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George Bell, Bishop of Chichester
Church, State, and Resistance in the Age of Dictatorship
POD; Published: 3/29/2016
ISBN: 978-0-8028-7227-2
Price: $ 37.99
224 Pages
Trim Size, in inches: 6 x 9
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The story of a significant British church leader who fought for justice and freedom
during World War II

It was to George Bell, an English bishop, that Dietrich Bonhoeffer sent his last words before he was executed at the Flossenbürg concentration camp in April 1945. Why he did so becomes clear from Andrew Chandler's new biography of George Kennedy Allen Bell (1883– 1958).

As he traces the arc of Bell's life, Chandler reshapes our perspective on Bonhoeffer's life and times. In addition to serving as bishop of Chichester, Bell was an internationalist and ecumenical leader, one of the great Christian humanists of the twentieth century, a tenacious critic of the obliteration bombing of enemy cities during World War II, and a key ally of those who struggled for years to resist Hitler in Germany itself.

This inspiring biography raises important questions that still haunt the moral imagination today: When should the word of protest be spoken? When should nations go to war, and how should they fight? What are our obligations to the victims of dictators and international conflict?
The Spectator
"[A] learned and thoughtful book."
Journal of Church and State
“Chandler distills the essentials to provide a fast-paced narrative and evocative portrait. It will now become the standard introduction to Bell’s impressive career.”
Evangelical Quarterly
“Thoroughly researched and well-written.”
Ferdinand Schlingensiepen
— author of Dietrich Bonhoeffer 1906-1945: Martyr, Thinker, Man of Resistance
"This is a masterly biography. Andrew Chandler has performed a great service in showing the profoundly significant part that George Bell played in the histories of the Church of England and of the ecumenical movements in the twentieth century. But it is also a study that integrates British and German history and looks toward the future of Europe and of world Christianity."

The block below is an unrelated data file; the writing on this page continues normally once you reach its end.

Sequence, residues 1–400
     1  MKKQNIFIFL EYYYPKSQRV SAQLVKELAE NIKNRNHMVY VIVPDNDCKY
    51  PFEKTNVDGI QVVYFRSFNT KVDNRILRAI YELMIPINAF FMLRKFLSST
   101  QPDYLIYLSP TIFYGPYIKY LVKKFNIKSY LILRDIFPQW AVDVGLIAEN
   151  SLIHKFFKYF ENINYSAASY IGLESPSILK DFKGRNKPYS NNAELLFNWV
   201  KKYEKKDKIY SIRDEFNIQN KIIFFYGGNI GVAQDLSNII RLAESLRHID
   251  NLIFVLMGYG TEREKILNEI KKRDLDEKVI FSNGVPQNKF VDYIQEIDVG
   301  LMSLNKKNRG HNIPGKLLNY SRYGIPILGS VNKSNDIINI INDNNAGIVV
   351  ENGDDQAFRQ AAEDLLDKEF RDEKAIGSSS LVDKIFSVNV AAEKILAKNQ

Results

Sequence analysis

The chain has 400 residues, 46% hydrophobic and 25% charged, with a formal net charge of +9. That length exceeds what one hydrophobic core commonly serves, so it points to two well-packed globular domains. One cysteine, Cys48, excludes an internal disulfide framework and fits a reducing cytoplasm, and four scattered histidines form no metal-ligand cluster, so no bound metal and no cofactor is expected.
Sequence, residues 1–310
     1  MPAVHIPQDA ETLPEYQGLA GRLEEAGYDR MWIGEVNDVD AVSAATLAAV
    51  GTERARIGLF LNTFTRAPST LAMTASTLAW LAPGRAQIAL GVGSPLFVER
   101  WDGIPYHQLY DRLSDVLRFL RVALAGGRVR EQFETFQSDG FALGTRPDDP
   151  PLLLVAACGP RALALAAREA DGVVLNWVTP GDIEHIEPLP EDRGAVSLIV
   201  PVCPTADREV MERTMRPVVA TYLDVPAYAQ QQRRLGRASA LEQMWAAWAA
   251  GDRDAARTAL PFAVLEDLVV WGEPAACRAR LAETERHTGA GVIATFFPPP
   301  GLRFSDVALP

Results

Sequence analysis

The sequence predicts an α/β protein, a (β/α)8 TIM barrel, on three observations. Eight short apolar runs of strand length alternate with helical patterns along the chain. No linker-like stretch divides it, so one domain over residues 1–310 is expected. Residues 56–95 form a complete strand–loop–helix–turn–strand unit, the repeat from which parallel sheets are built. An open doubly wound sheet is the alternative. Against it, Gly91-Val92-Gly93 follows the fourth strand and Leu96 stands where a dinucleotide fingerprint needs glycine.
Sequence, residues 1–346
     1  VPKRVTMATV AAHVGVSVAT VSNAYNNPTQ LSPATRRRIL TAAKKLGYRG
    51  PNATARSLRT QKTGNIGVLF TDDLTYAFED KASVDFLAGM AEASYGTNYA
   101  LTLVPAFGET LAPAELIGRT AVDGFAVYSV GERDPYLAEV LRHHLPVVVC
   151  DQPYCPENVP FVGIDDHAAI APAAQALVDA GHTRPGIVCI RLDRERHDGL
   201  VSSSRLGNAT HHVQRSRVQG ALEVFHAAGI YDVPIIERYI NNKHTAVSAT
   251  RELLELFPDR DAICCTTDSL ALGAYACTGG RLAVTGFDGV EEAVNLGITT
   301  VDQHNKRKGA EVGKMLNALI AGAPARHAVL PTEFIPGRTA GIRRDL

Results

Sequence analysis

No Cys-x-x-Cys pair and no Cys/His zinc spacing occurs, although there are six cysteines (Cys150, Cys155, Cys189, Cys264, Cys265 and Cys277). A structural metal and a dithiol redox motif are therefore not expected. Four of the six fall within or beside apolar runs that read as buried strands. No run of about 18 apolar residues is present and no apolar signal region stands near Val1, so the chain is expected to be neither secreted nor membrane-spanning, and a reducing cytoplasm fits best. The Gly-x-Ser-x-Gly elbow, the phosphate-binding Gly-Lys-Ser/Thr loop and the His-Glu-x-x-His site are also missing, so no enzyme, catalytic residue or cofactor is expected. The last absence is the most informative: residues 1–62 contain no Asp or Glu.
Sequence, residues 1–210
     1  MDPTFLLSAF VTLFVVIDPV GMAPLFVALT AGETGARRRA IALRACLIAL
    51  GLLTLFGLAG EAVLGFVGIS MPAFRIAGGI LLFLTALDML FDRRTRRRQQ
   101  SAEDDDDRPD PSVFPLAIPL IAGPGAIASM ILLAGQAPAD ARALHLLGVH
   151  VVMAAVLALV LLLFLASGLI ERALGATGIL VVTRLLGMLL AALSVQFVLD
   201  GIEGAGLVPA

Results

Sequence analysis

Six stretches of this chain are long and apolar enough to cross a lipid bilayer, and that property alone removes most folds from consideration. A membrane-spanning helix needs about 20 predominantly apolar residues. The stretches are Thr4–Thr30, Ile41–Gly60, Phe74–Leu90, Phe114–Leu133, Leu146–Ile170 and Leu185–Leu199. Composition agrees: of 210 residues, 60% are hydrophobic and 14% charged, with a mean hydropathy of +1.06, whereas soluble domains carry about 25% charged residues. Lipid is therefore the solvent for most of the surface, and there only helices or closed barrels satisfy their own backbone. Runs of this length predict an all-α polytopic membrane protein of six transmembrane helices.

Ian Kershaw
— University of Sheffield
"Andrew Chandler has unrivalled knowledge of the work of George Bell, including his involvement with leading figures in the German resistance against Hitler. Drawing upon extensive archival research, Chandler has written what is surely the authoritative biography of the impressive and extraordinary bishop of Chichester, possibly the most distinctive English clergyman of the twentieth century."
Diarmaid MacCulloch
— University of Oxford
"No one is more qualified than Andrew Chandler to write a biography of George Bell. His elegant, concise, and sympathetic portrayal will be a huge help to those trying to form their own judgment on the life of one of the most prominent names in twentieth-century Anglicanism."
David Hein
— Hood College
"In this new biography of an influential — and controversial — figure, Chandler demonstrates once again that no historian has a surer grasp of the history of the Church of England in the twentieth century. . . . Provides a remarkably comprehensive, judicious, and vigorous account of one of the great prophetic bishops of twentieth-century Europe and of the worldwide Anglican Communion."
John S. Conway
— University of British Columbia
"Andrew Chandler's perceptive study of Bishop George Bell makes extensive and insightful use of Bell's vast archive and shows his courageous contribution in defending the cause of Christian unity during the war-torn years of the last century. He praises Bell as a lone prophetic figure in the Church of England. This book is a valuable contribution to the cause of ecumenical church history."
Jeremy Morris
— University of Cambridge
"George Bell was one of the most outstanding leaders of the Church of England in the twentieth century, with an unrivalled breadth of vision and a courageous willingness to speak out against injustice. In this outstanding biography Andrew Chandler paints a brilliant portrait of a many-sided figure who helped to define the Church of England's ecumenical policy and who was in turn defined by his very public, and frequently unpopular, commitment to defend the victims of Nazi oppression."